The 2013 article is careful to define what is meant by random in the modern synthesis:

“I will use the definition that the changes are assumed to be random with respect to physiological function and could not therefore be influenced by such function or by functional changes in response to the environment. This is the assumption that excludes the phenotype from in any way influencing or guiding genetic change.”

Some have criticised the article and the videos on the grounds that the modern synthesis does not require DNA change to be equally likely everywhere in the genome. The article does not make that claim. On the contrary it states:

“The concept of a purely random event is not easy to define. The physico-chemical nature of biological molecules will, in any case, ensure that some changes are more likely to happen than others.”

Of course the modern synthesis can accept non-random change. That has been known ever since the identification of genome hotspots. What is completely contrary to the spirit of the modern synthesis is targeted DNA change that is functionally significant. We now have examples of that kind of change. To read more on those examples see the answer to the question on the relevance to physiology.

The relevant part of the IUPS2013 lecture starts at 7 minutes with the phrase “It is important to ask the question what we mean by random” followed at 7:18 by “rather by whether the changes are functionally relevant” before quoting the paragraph from the article shown above. The article and the lecture could not be clearer. See also Randomness and Function.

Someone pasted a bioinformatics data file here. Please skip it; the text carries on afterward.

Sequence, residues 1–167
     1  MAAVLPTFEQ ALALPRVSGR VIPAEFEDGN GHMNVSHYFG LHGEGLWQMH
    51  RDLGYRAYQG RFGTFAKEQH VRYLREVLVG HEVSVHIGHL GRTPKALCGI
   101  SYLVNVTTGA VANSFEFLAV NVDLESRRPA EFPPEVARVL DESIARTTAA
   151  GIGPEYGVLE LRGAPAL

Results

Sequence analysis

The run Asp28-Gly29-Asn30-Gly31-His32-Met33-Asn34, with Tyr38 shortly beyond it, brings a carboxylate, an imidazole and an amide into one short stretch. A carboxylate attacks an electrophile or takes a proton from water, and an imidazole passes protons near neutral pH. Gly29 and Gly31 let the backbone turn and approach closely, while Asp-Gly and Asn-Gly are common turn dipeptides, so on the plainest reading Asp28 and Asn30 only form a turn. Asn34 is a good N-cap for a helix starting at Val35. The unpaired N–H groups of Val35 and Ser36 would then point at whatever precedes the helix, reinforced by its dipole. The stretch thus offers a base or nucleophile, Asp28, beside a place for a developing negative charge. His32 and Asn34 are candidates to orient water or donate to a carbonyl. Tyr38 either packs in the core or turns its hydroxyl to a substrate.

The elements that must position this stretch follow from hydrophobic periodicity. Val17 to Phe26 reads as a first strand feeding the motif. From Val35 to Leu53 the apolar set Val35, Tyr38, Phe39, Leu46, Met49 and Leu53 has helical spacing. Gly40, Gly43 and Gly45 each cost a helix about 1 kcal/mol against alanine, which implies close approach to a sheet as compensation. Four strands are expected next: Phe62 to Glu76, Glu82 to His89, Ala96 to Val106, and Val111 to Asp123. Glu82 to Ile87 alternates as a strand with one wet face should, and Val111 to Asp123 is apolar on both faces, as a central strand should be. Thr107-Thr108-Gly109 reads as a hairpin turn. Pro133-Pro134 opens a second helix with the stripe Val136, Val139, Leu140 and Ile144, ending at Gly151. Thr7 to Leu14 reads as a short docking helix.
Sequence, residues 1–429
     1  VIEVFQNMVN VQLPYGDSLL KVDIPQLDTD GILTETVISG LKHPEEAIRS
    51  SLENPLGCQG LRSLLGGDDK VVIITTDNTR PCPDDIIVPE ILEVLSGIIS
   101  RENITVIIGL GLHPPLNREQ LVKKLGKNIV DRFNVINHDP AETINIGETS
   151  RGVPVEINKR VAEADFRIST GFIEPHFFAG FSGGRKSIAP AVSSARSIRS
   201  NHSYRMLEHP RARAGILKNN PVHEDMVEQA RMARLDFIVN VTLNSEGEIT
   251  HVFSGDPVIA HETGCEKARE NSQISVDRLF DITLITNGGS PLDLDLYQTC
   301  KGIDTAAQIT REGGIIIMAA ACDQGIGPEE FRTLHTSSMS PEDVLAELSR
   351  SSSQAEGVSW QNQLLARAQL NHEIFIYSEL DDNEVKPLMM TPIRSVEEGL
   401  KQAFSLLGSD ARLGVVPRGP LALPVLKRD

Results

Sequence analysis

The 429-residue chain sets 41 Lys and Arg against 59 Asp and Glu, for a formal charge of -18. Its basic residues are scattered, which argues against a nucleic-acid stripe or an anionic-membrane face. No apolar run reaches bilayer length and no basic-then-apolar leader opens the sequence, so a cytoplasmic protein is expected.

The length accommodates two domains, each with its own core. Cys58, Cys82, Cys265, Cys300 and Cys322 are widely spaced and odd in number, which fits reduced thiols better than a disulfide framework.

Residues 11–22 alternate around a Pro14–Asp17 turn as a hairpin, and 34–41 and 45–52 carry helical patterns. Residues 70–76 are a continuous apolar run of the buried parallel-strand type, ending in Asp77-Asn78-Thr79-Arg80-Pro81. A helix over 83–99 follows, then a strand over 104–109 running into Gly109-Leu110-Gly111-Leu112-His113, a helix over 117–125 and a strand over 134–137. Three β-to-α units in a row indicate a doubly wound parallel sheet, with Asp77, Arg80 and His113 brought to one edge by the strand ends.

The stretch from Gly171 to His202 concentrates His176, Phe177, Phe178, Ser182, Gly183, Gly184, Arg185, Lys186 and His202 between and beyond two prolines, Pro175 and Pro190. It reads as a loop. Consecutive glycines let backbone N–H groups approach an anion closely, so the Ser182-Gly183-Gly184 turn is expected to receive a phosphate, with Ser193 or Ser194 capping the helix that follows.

It is remarkable how often the same unthinking criticism of the article and the lecture turn up on blog websites. What this shows is that the writers have not taken the time to read the article or listen carefully to the video lectures. Having missed the target on this matter, the same bloggers usually go on to the further false accusation that I claim to have disproved “the theory of evolution”. Anyone who reads the article or watches the videos would find that laughable, so why do they do it? For some strange reason defenders of neo-Darwinism on blogs seem to think that anyone who questions neo-Darwinism is questioning the existence of evolution. The article clearly states:

“In some respects, my article returns to a more nuanced, less dogmatic view of evolutionary theory (see also Müller, 2007; Mesoudi et al. 2013), which is much more in keeping with the spirit of Darwin’s own ideas than is the Neo-Darwinist view.”

As I write in another answer (Answers-dogmatism.html): “It is perfectly possible to defend the virtual certainty that life has evolved while debating in the usual argumentative scientific way the uncertainties surrounding the question of mechanisms.” That is where the real debate is taking place: what are the relative contributions of the various mechanisms to the evolutionary process and the speed with which it has occurred (see Speed of Evolution).